On the morning of September 22, a minke whale carcass appeared off the coast of Pointe-aux-Outardes Nature Park. After drifting for a few hours, it finally washed ashore not far from the welcome centre. Staff members of the Nature Park then assisted the Quebec Marine Mammal Emergency Response Network by tracking the location of the carcass while they waited for a volunteer to arrive.

Collecting data on the incident

A Network volunteer was quickly dispatched to the scene to document the situation. He first took measurements of the animal, from the tip of the rostrum to the notch in the caudal fin (tail), being careful not to follow the curves of the carcass so as not to distort the measurements. Next step: attaching a tag to the tail. These tags have several purposes, the most important of which is to ensure that the carcass can be tracked. If the carcass is washed out with the tide and reappears in a neighbouring village or on the other side of the river, it will be easy to determine that the incident has already been documented and thus avoid generating redundant data, which could bias the databases (article in French) maintained by the Network. Additionally, the tag indicates that the case has already been processed and can thus help raise awareness of those who will come into contact with the animal.

Our volunteer then took photos of the whole animal. From his photographs, it will also be possible to determine the state of the carcass and whether or not the latter is a good candidate for sampling or necropsy. In this case, as the population status of minke whales is not of concern, a necropsy will not be conducted on this carcass. The volunteer nevertheless took samples from the carcass (skins, fat, muscles and baleen) for scientific studies. Indeed, there are research projects focussed on documenting the diet of minke whales, as well as their level of contamination and their genetic portrait.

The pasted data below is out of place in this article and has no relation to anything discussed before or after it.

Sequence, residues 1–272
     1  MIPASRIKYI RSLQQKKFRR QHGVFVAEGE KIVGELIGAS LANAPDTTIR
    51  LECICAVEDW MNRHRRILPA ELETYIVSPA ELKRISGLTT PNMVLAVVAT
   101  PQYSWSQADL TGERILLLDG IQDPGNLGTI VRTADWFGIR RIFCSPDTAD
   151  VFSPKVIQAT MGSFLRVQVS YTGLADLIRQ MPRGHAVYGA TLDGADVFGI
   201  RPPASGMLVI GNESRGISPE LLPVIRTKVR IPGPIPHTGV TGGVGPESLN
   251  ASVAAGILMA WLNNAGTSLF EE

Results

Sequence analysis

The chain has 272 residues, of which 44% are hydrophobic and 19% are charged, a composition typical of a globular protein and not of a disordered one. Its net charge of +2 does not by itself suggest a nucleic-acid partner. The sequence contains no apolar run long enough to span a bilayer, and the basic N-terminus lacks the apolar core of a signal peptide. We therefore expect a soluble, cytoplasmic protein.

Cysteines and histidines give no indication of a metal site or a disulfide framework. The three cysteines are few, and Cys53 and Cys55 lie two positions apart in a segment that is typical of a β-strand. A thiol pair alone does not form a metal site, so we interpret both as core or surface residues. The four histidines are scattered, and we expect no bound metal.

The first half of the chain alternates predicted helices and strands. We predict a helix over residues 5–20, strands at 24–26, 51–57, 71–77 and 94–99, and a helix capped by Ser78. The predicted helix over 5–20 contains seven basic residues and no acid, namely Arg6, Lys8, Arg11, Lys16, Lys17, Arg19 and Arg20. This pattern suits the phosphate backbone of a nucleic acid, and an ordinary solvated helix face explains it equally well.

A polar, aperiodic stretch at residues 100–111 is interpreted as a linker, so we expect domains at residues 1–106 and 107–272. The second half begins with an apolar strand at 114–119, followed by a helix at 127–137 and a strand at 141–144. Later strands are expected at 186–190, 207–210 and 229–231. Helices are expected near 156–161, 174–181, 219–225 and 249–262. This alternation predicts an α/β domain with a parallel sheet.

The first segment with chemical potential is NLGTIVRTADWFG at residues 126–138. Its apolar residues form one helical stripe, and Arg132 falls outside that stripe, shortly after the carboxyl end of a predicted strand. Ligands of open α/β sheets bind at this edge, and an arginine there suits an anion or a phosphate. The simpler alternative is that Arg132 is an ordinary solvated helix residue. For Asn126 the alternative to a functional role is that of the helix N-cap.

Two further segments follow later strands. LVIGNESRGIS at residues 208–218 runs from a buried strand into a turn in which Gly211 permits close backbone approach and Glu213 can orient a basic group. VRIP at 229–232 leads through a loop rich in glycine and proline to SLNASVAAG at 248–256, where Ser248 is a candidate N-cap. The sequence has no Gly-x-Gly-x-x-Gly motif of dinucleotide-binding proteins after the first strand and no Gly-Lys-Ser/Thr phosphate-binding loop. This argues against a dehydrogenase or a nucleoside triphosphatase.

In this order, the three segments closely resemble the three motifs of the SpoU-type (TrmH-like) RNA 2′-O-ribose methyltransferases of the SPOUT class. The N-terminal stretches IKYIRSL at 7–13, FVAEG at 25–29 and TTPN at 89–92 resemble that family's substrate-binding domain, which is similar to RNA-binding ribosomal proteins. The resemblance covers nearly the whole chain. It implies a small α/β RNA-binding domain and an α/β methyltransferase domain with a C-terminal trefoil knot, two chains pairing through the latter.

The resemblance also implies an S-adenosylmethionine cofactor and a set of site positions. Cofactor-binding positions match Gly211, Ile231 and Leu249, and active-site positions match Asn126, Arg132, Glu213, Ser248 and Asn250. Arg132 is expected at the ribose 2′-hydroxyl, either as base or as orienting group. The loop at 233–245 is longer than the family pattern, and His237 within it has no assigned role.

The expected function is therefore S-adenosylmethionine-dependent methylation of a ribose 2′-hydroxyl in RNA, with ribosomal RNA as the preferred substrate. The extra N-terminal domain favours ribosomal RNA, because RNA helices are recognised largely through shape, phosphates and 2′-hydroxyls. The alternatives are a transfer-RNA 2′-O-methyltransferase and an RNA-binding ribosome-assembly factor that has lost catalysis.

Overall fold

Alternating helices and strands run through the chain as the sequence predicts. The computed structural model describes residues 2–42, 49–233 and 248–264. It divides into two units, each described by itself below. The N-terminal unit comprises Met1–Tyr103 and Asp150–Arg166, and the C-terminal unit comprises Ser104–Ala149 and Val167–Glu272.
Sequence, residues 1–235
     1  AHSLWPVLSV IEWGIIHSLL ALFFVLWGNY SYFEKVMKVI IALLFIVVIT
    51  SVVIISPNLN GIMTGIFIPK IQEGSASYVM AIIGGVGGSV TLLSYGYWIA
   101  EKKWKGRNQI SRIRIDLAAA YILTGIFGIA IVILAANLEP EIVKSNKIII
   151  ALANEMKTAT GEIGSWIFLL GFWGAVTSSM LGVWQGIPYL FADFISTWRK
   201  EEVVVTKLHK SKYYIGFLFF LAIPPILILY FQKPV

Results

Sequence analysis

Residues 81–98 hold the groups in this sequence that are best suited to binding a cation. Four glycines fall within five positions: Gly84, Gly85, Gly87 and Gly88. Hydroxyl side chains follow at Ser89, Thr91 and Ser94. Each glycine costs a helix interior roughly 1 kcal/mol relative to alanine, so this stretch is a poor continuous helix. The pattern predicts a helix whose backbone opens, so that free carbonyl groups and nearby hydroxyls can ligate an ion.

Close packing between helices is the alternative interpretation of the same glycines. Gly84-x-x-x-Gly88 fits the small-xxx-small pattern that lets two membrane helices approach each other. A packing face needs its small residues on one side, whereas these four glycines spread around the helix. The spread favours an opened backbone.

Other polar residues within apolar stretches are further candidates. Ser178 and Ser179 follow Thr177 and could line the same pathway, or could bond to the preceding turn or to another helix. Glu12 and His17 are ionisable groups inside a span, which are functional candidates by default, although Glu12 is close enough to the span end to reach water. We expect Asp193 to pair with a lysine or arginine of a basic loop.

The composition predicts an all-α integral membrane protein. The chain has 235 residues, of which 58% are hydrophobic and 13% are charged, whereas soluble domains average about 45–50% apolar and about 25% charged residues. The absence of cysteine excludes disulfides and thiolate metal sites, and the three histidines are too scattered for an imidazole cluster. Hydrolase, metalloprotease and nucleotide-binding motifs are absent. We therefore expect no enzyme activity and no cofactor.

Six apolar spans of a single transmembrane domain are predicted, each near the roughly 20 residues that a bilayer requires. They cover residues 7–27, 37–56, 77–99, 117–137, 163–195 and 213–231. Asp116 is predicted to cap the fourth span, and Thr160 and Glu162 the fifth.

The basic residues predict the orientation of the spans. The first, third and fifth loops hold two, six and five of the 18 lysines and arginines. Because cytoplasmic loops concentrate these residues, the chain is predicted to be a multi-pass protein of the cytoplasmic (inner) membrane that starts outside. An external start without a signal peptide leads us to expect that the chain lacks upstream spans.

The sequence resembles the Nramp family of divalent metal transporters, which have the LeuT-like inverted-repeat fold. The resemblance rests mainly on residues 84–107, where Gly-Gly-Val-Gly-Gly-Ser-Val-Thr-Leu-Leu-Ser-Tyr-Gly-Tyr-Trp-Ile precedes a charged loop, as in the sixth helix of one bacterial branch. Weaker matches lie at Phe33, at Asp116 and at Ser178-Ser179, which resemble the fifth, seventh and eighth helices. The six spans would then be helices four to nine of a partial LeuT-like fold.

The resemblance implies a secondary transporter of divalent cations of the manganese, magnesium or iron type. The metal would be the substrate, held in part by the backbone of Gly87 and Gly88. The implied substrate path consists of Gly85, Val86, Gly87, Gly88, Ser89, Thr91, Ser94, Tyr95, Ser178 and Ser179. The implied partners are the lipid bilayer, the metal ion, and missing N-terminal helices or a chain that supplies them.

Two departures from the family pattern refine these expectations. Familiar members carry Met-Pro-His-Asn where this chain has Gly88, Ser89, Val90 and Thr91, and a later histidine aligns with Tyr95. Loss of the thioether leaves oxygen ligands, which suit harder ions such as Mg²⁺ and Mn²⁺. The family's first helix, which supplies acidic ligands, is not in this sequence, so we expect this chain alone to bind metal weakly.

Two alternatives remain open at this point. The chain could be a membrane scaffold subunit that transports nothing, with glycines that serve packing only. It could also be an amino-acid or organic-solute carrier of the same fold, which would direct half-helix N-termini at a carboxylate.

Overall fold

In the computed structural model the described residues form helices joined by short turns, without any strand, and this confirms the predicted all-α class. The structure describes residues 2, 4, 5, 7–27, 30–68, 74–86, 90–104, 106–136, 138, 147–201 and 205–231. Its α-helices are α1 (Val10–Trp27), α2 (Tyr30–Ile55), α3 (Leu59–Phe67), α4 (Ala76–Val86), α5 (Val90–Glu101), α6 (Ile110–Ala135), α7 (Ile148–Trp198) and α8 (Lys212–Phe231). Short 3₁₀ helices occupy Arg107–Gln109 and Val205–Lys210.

Fate of the carcass: problematic situation and limitations

A number of questions are raised repeatedly from witnesses, including whether or not the carcass will be recovered and how. It should be noted that not all carcasses will be transported to a landfill or released back into the water.

If a carcass is not recovered entirely for research and constitutes a nuisance for citizens or tourist sites, Urgence-Environnement (website in French), managed by the Quebec Ministry of Sustainable Development, Environment and the Fight against Climate Change (MDDELCC), will be contacted so that it can assess, together with the municipality where the beached animal was found, whether or not it is possible to dispose of the carcass. The feasibility of such an intervention will be analyzed while taking into account the type of ground, the state of decomposition of the carcass, and the likelihood of it being washed out with the tide.

Pursuant to our follow-up with the Pointe-aux-Outardes Nature Park, it is clear that the carcass brought to shore by the high equinoctial tides will not wash away anytime soon. For this carcass, given the location and lack of suitable infrastructure, the MDDELCC decided to leave the carcass on the premises, to the dismay of the Nature Park. Disposing of a carcass of this size (8.20 m) and weight is a considerable challenge and requires a budget of several thousand dollars. On the other hand, this incident is an opportunity to raise awareness about scientific research projects on minke whales.

Marine Mammal Emergencies - 2/10/2018

Anthony François

Anthony François is responsible for the marine mammal response program since 2019. He started at GREMM as a research assistant and a call centre agent at the Quebec Marine Mammal Emergency Response Network (QMMERN) in 2017. Biochemist and biologist by training, he came to realize the importance of popular science and public awareness raising in the course of pursuing his Master’s degree.

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